At the Midgley Archive Launch we heard a series of wonderful talks from distinguished guests. Here, Professor Jane Heal takes inspiration from the archive and reflects on the virtues of breadth of interest and courage.
I would like to start by saying what am sure we all feel, which is how very sad we are that Mary is not here herself, or at least present via video-link, as we had hoped. It would have been wonderful to hear again her characteristic tones and say to her how much we have appreciated her work and her friendship over the years. Her sudden death has been a shock which we are still getting over.
We are here today, however, to speak not about this sadness, but about why it is so good to have open the archive of work which she and Geoff have left. And I want to talk about some ways in which their work can be an inspiration and encouragement to us now. I do not intend to talk about particular philosophical themes. I am sure there will be teasing out of how Mary’s ideas developed, what her methods of working were and the like. For certain there are many fine projects of this kind to be pursued from the archives and many fruitful ways in which her ideas and Geoff’s ideas could be developed. My topic here is rather the spirit in which both she and Geoff did philosophy.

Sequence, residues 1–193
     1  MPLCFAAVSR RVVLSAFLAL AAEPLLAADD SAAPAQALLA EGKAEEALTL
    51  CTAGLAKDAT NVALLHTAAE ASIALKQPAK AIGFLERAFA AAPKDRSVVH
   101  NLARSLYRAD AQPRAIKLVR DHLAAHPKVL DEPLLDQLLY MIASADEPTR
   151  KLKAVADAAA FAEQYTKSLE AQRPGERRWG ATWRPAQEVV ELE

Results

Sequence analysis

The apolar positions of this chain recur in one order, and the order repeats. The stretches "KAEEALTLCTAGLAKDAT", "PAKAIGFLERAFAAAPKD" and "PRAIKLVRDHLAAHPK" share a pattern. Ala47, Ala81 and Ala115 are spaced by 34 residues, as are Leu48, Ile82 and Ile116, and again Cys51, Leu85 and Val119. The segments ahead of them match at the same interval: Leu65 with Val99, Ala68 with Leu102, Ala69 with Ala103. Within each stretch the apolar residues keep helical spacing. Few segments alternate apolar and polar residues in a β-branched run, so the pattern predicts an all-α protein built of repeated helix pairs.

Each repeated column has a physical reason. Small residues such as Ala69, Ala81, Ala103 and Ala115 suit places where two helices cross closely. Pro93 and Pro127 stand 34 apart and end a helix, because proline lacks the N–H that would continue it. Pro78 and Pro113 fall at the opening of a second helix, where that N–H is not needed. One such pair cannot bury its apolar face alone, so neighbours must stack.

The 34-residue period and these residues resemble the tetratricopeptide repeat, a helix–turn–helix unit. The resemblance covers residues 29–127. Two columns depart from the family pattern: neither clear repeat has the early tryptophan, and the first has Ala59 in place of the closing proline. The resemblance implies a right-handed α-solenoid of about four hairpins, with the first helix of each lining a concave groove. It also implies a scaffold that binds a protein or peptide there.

I want to remark particularly on two virtues manifest in their lives and their work. The first is breadth of interest and sympathy, and the second is courage. These are distinguishable but perhaps intertwined. As Mary said, good things are often good in more than one way. And different aspects of the valuable, particularly when it is virtues we are thinking of, may support and enrich each other.
We live in a culturally created, human world which emerged from, and is continuingly sustained by, the non-human, natural world around us. It takes energy and intellectual curiosity to appreciate the immense complexity and interconnectedness of this whole. Some people can muster a good deal of energy and curiosity, but use their powers to pursue their individual interests and ambitions. But other people, of particularly striking energy and intelligence, channel their capacities differently. They have, to start with, the largeness of vision and the open-minded curiosity to want to know about and understand the myriad interacting levels, aspects and elements of the world. But they have also enough objectivity to appreciate that the human world is our joint creation and is carried forward by the co-operative contributions of many people of good will. In consequence, their central project is to reflect on this complex whole of which we are part, and to contribute, so far as they can, to its going forward in a better way rather than a worse.